I could feel the wind at my back as I ran a long slight downhill to the boardwalk, and knew that was going to suck on the return trip. I took advantage of it while I could though, and blew past a few more runners before we got to the boardwalk.

The boardwalk entrance from that end was on a narrow sand-covered sidewalk. It wasn’t long before it led to the actual boardwalk, which was much wider.

The lead runners were already coming back as I got on the boardwalk. Soon enough, I was making the U-turn around the traffic cone marking the turnaround as well.

That put the wind in my face, but I was determined not to let it slow me down. I dug in and tried to keep up my pace.

I saw something out of the corner of my eye in the crowd of runners on the other side of the boardwalk — Kara waving at me! It didn’t register until it was too late to wave back at her.

I got back to that sidewalk, which was now covered in 5K runners and walkers, some insisting on walking two and three abreast, which didn’t leave much room for passing runners going the other way. There were a couple of near-misses, but I got off that sidewalk without running into anyone.

That put me back on the road. What had been a sweet downhill on the way out was now a torturous uphill, with the strong wind right in my face. Yup, it sucked as bad as I’d expected!

As I crested the hill, a delivery truck pulled out off a side street, right in front of me. It couldn’t go any faster than the runners though, because there wasn’t enough room for it to pass the people in front of me. Every now and then the driver would step on the gas, and a nice burst of exhaust would hit me in the face.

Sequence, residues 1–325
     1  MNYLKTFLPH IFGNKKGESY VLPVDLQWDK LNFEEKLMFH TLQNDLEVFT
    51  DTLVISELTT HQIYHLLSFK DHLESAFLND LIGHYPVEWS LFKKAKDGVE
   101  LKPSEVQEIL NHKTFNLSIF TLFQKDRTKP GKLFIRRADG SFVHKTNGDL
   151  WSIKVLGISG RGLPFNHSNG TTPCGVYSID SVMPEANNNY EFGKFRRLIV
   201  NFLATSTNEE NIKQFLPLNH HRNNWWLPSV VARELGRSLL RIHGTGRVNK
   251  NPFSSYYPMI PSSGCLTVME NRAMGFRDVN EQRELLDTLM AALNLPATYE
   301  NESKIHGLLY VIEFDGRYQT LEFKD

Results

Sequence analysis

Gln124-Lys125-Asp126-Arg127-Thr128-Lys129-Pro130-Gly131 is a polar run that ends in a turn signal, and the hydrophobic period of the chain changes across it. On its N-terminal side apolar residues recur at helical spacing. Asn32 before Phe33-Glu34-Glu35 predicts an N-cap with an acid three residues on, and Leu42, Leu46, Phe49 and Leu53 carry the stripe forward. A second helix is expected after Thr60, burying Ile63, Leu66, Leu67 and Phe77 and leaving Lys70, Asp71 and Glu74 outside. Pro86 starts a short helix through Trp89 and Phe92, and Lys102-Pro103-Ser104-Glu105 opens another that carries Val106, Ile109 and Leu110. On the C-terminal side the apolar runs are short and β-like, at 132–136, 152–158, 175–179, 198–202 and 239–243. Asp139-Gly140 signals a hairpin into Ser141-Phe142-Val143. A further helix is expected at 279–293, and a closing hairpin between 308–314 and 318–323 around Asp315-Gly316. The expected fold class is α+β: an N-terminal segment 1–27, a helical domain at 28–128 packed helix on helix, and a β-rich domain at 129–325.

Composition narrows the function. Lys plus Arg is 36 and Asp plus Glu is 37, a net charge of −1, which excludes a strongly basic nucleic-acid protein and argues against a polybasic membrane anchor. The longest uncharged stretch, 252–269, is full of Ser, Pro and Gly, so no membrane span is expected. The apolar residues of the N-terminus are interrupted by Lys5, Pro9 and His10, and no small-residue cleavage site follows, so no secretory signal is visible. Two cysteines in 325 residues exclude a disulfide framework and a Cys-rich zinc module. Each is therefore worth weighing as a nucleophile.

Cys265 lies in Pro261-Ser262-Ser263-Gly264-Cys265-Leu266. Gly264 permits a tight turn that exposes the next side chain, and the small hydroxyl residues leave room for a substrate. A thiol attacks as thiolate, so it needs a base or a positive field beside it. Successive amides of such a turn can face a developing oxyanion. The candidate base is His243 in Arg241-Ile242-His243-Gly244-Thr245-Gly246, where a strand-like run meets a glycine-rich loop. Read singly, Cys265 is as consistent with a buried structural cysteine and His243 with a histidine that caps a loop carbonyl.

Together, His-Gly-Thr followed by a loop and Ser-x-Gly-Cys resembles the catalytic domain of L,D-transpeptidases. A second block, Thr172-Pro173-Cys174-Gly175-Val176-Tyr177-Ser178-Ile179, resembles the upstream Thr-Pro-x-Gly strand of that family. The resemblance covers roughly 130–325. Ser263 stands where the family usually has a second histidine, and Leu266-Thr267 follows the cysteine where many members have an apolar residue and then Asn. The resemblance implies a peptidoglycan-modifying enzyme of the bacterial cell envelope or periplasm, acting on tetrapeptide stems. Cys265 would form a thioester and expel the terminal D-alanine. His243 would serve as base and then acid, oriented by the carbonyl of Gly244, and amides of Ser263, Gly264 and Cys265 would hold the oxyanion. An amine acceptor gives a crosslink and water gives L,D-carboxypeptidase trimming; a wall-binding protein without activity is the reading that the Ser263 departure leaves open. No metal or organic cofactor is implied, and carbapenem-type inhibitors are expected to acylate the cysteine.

Fortunately, where we turned left to go back to the finish, the truck turned right, so that was gone. Plus, after we made the turn, we were out of the wind. Less than a mile of straightaway to go.

I glanced at my watch, which had just turned over 15 minutes. I was certain I’d missed the second mile marker.

That straightaway is always endless. I caught up with a guy who glanced over at me and said, “Oh great, now I have to work for this.”

He and I ran together. Soon I heard several footsteps just behind us; we’d been caught by a few more guys. I saw a turn in the road for the 1-mile walk course. I remembered looking at my watch on the way out, and seeing 2:54. Now it was at 18:02. If I could run this last stretch of the race as fast as I had on the way out, I’d get sub-21.

I have to thank those guys who caught me. I’m pretty sure trying to keep up with them was the only reason I actually ran that last stretch faster at the end.

Unfortunately, they also blocked me in every finish line shot the race photographer got, haha:

Wasn’t a good day for race photos for me anyway!

I crossed the line and stopped my watch — 20:51! Nailed sub-21!

I was extremely happy with that race. I hadn’t felt that strong in a 5K all year. It felt really good to run fast again.

I took a cup of water and walked back to the finish line to wait for Kara. I didn’t have to wait long — the day after running her first 10K in 46:46, she pulled out another huge 5K PR, lowering it from 23:59 to 22:24!

Kara definitely beat me for best race photo in this one.

Obviously, she was pretty thrilled with her race too. After she drank some water, we ran a cool down together to the boardwalk and back, about 2.5 miles. That brought my day’s mileage to 7.1 miles, and my calorie total (I was still in the 5,000-calorie challenge at this point) to 611.